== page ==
Kanji game

Taijutsu is the “martial technique of the body”. The kanji for body (tai 体) is composed of two others Jin (human) is 人 and moku  本 (tree) i.e. nature but meaning also “true, real”. Therefore, Taijutsu can be seen as “the way to protect nature”; or “the way to become a true man”.

Bring death to life to preserve life

Last class Hatsumi sensei played with the meaning of two words “ikasu” and “kaitatsu“. Ikasu means “being stylish or smart” but written differently is “to keep alive, or to capitalize on experience”. But in sensei’s idea it was more like bringing something to life. As far as I understand, the technique does not matter and our kamae should appear by themselves without thinking. This is quite similar to the idea expressed in the Tao (chapter 38):

The Master does nothing,
yet he leaves nothing undone.
The ordinary man is always doing things,
yet many more are left to be done.

Our actions should be the ones of a master not of an ordinary man. By doing nothing we do not interfere with nature, and are able to seize the subtle information lying there for us in space. This is why sensei linked it to kaitatsu.

Sensei defined kaitatsu as some kind of “mysterious transmission of power”. But later he told me “imagination”. So kaitatsu is actually the ability to imagine new development in our action process based upon the information received by our senses. To receive this “power” (nothing mystical there), we have to develop the ikasu defined earlier.

We can understand this as follows: Life is meant to create not to destroy. As often with sôke the words he used are hiding many deeper meanings within them. Plato said that the “knowledge of words led to the knowledge of things”. This is exactly how sensei is teaching. Everything that he teaches has to be understood and assimilated at various levels. If we stay only at the omote level we train a nice martial art not so much different from the other gendai budô. Conversely, if we play with the sounds, the words and their roots (at the ura level) we enter a multiple entry system like a matrix that goes further, leaves the physical world, and give access to the philosophical world in which we will transform our vision of Life. Those changes and interpretations are infinite, they are like the cycle of life beginning with “A” and finishing with “UN”. The baby first sound and the dying man last. But this is also the Japanese pronunciation of the Indian “OM”. Everything is linked.

So if we are not meant to destroy but to preserve life why do we train budô? We train budô to understand death and by this understanding we come to the conclusion that killing has to be avoided. This is pure common sense. But in order to understand death we have to feel it and that is why the techniques we train at the dôjô can be so devastating. We do not injure our partners but we train in such a way that we are aware of the risks and therefore get to understand death. This whole thing about death is linked to kûkan. Kûkan is the “last frontier” where nothing more is manifested, this is the end of things. To get to kûkan we must go to our “last frontier” where nothing more exist, no waza no kankaku neither. Only then can we communicate death (kaitatsu). By knowing and understanding death we reach the level of kûkan. By being into the kûkan we can manifest it, by manifesting kûkan we manifest death, and we communicate it to the opponent who will stop his attack paralyzed by his own fears and tensions.

This is one way to understand the in-yo kyôjitsu that sensei introduced this year. To preserve life, you have to know death. By sending this death feeling to uke, he cannot attack anymore.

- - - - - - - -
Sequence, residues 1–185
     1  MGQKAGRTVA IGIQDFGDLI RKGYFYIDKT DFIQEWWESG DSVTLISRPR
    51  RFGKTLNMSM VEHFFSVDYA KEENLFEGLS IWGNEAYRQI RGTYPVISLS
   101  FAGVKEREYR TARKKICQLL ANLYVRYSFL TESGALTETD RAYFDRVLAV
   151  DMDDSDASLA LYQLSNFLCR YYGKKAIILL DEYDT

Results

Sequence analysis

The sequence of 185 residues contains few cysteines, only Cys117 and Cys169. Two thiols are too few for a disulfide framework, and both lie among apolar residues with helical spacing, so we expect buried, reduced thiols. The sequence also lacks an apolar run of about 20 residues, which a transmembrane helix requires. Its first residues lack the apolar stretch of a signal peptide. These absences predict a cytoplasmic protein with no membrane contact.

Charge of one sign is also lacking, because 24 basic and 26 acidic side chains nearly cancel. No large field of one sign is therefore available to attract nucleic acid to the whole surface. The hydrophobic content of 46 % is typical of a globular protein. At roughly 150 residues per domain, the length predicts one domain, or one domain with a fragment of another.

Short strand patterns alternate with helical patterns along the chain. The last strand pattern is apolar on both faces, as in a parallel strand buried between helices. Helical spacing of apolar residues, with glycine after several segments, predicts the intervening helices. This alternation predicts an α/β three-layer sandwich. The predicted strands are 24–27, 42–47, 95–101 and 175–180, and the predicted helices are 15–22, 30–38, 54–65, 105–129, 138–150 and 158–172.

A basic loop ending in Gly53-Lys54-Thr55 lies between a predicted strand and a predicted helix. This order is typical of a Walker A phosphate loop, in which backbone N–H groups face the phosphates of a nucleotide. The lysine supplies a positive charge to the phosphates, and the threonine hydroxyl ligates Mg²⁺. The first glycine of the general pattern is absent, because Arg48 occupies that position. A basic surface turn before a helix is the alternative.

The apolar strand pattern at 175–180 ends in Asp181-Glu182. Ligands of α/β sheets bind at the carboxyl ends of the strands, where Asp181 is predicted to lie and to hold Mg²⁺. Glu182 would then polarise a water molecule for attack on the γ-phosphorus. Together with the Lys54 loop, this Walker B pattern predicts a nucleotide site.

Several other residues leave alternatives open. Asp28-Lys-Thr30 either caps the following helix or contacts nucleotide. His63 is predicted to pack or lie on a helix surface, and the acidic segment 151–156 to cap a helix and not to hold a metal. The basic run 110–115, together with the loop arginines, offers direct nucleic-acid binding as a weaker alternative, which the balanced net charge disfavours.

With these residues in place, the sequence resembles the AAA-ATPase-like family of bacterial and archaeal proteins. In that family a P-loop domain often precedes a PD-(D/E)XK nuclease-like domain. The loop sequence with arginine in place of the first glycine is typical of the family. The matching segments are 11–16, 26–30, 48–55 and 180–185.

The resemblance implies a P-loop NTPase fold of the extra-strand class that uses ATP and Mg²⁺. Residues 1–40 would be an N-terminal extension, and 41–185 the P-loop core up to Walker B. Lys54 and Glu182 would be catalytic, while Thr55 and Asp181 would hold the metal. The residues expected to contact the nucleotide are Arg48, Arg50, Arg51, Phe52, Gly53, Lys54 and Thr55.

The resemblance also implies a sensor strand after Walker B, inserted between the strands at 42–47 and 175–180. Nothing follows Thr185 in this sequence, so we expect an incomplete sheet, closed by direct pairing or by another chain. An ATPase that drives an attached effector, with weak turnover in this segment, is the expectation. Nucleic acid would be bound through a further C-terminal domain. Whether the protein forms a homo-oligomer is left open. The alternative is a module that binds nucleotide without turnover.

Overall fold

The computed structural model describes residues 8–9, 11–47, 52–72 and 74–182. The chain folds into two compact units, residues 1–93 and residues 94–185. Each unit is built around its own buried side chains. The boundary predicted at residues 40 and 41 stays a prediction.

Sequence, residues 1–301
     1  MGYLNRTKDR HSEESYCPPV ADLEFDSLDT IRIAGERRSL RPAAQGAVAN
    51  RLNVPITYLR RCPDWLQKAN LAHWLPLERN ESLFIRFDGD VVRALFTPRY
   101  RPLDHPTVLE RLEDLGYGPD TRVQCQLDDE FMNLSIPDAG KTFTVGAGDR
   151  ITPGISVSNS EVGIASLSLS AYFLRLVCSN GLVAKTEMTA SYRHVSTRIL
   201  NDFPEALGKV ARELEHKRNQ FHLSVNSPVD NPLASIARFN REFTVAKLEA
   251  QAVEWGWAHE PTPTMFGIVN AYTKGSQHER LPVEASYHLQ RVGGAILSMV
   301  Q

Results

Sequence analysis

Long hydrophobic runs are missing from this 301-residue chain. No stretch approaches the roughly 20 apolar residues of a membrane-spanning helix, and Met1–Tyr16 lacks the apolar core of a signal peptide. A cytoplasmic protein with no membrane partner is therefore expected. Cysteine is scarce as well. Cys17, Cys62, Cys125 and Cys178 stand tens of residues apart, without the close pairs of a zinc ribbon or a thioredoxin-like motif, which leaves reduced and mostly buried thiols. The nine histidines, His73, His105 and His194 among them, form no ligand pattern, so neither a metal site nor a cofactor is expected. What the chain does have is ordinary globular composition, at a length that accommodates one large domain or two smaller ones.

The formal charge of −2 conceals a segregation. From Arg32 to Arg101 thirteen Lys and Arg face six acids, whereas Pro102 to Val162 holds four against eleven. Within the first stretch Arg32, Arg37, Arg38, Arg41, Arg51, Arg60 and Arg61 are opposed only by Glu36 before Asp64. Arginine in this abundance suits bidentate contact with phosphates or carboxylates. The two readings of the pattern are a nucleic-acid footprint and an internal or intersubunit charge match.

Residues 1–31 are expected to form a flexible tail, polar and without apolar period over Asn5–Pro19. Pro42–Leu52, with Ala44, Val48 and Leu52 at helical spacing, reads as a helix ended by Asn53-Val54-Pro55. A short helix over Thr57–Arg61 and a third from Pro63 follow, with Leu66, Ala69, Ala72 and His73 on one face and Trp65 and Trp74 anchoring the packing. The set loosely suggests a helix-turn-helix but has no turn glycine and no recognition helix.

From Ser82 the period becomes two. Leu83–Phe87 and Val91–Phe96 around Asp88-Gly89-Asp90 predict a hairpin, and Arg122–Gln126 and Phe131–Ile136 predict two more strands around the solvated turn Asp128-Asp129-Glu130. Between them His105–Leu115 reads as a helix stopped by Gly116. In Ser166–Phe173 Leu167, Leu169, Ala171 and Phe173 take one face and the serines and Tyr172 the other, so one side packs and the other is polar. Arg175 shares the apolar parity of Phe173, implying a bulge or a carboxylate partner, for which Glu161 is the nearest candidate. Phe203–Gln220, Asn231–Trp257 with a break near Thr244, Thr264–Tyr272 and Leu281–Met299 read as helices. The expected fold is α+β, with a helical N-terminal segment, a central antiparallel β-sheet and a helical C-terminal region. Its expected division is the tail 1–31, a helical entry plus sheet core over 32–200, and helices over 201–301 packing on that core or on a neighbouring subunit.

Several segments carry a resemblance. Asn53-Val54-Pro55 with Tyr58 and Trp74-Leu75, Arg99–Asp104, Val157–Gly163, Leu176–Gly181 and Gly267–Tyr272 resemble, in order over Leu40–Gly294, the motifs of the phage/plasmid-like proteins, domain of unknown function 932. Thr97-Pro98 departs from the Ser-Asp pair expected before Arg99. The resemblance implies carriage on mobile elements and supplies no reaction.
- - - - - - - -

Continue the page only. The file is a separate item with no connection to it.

Ikasu unleashes kaitatsu and paradoxically our lethal power perceived by the attacker preserves his life. His life is in his hands, it’s his choice to live or die.

Kuki Taisho!

Kankaku – feeling

A short note about the word feeling (kankaku in japanese). If you split it in two and use kan (piercing through) and kaku (side). Kankaku can be understood as the way to make visible the invisible by going through the appearance of things.

(free interpretation of Sensei’s class on Friday).

Class with Senô sensei

Japan trip 41 update:

I am just coming back from a class with Senô sensei, it is always a fantastic moment of taijutsu. We did a lot of hanbô techniques as the hanbô is very similar in its use as the tachi. We finished with tachi techniques, mainly  mutô dori against tsuki.
A very rich class indeed, I wish we could have more classes with him.

Connecting through the sageo

When using a sword, we are often bothered by the sageo, this is the long flat rope made of silk, leather or cotton, hanging down from the kurigata (the little piece of wood on the scabbard through which the sageo is inserted).

Peace time samurai would use it as an adornment with a fancy way of knotting it onto the scabbard. Obviously they were not fighting anymore and had the time to spend making beautiful but useless knots. In traditional sword schools (from mid Tokugawa, Meiji and until today) there is a whole set of etiquette on how to fold, put it on or in wearing it; however this has nothing to do with its original use. On the contrary it looks to me that the modern Japanese had to find a way to put it into use because they had no clue about what to do with it.

The Bujinkan deals with the Muromachi period of warfare, and making knots was not a priority for these warriors. Sensei commented that the “real sword masters were the tachi masters and that those using a katana used it because they did not know how to use the tachi”. Even though it seems a little harsh, this is right, when you become aware of the power of the tachi you understand the devastating possibilities created and how it can benefit your fighting abilities. To get a clear image of tachi waza think about the military world of today. Military men carry the equipment they have to be more efficient, they don’t wear equipment to look good. In order to stay alive they “adapt” their gear to their body, and to the situation. This brings us to the conclusion that the sageo had to be useful in some way.